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Lessons on How To Defeat an Incumbent Southern Democrat (Part One)
November 15, 2002
From the rightturns.com archives (10/1/02 edition; my article "Throw the Democrats Out! Tennessee's Tax Revolution - Part Three"; see archives for the complete article):
"One year ago, I sat in our kitchen after reading the Sunday newspapers and realized that the local state representative position, long a Democrat stronghold, was winnable for the GOP. Why? The state democrats were no longer conservative.
I then began searching for the local GOPer who was planning to run for the local state representative position to offer my analysis and support.
I found him: Judd Matheny. I did not know Judd at the time. I arranged for him and me to meet and discuss his campaign. Within the first few minutes of our meeting, I realized Judd was real: an energetic, focused, practicing, walking and talking conservative. (See www.juddmatheny.com for his background details.) I volunteered to be his campaign manager and he accepted."
I proudly report:
JUDD WON! JUDD WON! JUDD WON! JUDD WON!
This is a Tennessee State Representative seat that has never been in Republican hands! The incumbent was considered a "safe seat".
The incumbent raised over $125,000!
And spent it all!
The Tennessee Speaker of the House (a Democrat, of course) pressured/threatened local officials to publicly endorse the incumbent.
The local newspapers virtually ignored Judd's campaign.
Only two incumbent Democrats were beaten in the 99 house seat races on 11/5/02.
So, facing these odds, how the heck did we do it?
The simple, truthful answer is by sticking to conservative principles and executing a campaign of relentless pressure on the incumbent.
Let's look at how we did it. Bear with me because I am first going to describe the technical steps in the campaign. Believe me, the tale will grow more exciting.
Our plan, devised one year before the election, was straightforward:
1. Build name recognition
2. Learn how state government works
3. Track the incumbent's voting, statements, and fund raising
4. Analyze the 24 precincts in the district for the last two election patterns.
Build name recognition:
State representative districts in Tennessee have about 35,000 registered voters. Our goal was for Judd to meet as many of these voters as possible. Today's voters feel out of touch with elected officials. Our incumbent, especially, had built a reputation of not returning phone calls and feeling confident in his incumbency. Judd began a relentless schedule of going to local community events. We watched the local newspapers for when and where these events would occur. He handed political "business cards" that described his background; his key principles ("No state Income Tax"; "stop the cycle of fiscal mismanagement"); and how to contact him (mail; email; phone number; fax number). In addition, about six months before the election, Judd put up over 100 hard (made of plywood) road signs at key intersections throughout the district. These were not expensive, fancy signs; they were made in his backyard using primary colors, weatherproof paint, and stencils. The signs were simple in message: "Judd Matheny" "State Representative". The effect of this early effort was two fold: it brought out volunteers who were emotionally ready to fight for a change in the district (most of these volunteers became dedicated campaign warriors all the way through the victory election night) and it gave daily exposure of Judd's name to voters as they came and went in their activities.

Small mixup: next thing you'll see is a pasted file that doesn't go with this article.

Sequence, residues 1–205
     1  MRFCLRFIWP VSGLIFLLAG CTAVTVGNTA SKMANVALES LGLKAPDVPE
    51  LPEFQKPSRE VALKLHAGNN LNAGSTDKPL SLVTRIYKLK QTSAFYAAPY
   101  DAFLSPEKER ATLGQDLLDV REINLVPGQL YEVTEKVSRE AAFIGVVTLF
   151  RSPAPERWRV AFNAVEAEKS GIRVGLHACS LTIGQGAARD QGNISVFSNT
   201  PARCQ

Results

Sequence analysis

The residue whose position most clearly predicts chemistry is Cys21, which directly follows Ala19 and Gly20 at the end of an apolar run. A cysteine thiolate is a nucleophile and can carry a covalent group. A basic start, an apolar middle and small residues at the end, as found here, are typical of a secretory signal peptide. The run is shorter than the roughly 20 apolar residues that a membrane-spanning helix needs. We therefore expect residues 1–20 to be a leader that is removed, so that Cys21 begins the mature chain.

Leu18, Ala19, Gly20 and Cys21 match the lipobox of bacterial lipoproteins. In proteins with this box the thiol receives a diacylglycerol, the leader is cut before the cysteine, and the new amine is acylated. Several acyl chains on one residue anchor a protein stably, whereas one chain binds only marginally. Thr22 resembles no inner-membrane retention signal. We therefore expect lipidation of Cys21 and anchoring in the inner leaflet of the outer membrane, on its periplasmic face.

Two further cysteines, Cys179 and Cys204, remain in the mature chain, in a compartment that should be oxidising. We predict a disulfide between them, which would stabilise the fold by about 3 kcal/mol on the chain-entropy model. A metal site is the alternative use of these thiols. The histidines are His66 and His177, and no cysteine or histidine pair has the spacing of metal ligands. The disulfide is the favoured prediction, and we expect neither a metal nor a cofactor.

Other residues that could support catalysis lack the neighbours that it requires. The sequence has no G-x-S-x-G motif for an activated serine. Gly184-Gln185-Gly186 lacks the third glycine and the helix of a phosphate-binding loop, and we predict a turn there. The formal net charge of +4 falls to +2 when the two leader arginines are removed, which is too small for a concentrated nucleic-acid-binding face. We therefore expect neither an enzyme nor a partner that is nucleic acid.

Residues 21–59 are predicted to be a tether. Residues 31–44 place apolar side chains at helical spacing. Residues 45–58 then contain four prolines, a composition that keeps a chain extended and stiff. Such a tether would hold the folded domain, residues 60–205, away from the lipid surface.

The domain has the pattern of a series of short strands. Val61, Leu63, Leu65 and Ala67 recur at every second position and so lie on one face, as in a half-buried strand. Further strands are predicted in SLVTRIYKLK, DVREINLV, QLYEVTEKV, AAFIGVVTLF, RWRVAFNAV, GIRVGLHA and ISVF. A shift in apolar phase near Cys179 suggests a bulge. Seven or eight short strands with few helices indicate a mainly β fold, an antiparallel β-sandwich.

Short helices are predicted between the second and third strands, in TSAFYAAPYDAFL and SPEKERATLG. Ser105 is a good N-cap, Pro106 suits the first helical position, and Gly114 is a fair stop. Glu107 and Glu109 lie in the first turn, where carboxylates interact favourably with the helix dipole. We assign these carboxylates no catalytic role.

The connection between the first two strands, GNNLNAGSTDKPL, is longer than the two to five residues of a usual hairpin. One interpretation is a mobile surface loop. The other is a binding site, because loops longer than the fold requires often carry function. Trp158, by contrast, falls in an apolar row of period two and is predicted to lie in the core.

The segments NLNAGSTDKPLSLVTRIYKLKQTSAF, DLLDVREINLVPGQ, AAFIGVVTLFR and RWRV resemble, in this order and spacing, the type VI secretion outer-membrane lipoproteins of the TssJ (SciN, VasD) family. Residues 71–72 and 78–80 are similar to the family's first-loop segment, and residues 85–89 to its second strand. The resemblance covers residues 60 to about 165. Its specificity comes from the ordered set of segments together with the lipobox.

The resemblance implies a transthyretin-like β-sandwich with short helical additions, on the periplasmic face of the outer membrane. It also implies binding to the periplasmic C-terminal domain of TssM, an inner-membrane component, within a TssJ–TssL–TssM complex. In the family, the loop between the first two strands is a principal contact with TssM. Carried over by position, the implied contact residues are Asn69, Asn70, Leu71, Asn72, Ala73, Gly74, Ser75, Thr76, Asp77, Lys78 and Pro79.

Learn how state government works:
Paralleling the above, one year ago Judd began setting appointments to meet with the state commissioners and department heads of education, information technology, safety, etc. (BTW, for all you future candidates, it is not difficult to set these appointments; remember, they are public employees) He asked them what problems they were facing, the future problems they were facing, and what were some solutions they were seeking. These meetings gave Judd the language used by state employees and the issues facing them. In addition, Judd met with incumbent Republican representatives to pick their brains. These steps are very important when running against an incumbent. Incumbents represent to voters a level of comfort; a known quantity. Incumbents emphasize this by typically referring to their opponents as out of the loop, not knowing what is really going on; and referring to themselves as the expert ("When I was talking with the Speaker the other day, he asked me "). We knew that from these meetings, Judd could talk with voters with an "inside knowledge" tone just like the incumbent. A VERY IMPORTANT POINT.
In the next column, I will lay out how we did
Step 3 Track the incumbent's voting, statements, and fund raising;
Step 4 Analyze the 24 precincts in the district for the last two election patterns.
And begin detailing the stages of the battle.
Sam T. Harper graduated cum laude from Vanderbilt University. Following a tour in the US Navy and a stint as Operations Manager at Roadway Express, he earned his MBA from Stanford University Graduate School of Business. He was a contributor to In Search of Excellence, the best selling business book of all time. Sam was also Manager, Economic Planning & Analysis at Sohio Petroleum, Partner and Chief Financial Officer at investment-banking firm Bridgemere Capital, and Chief Operating Officer of the Institute for Contemporary Studies, a San Francisco Bay Area-based think tank and international publishing firm that specializes in self-governing and entrepreneurial public policy. Sam was a chairman of the San Francisco Republican party and the GOP co-host of California Political Review on KALW-FM in San Francisco. Sam is currently the co-owner of the Tennessee based Institute for Local Effectiveness Training, LLC a management consulting, training, and coaching firm.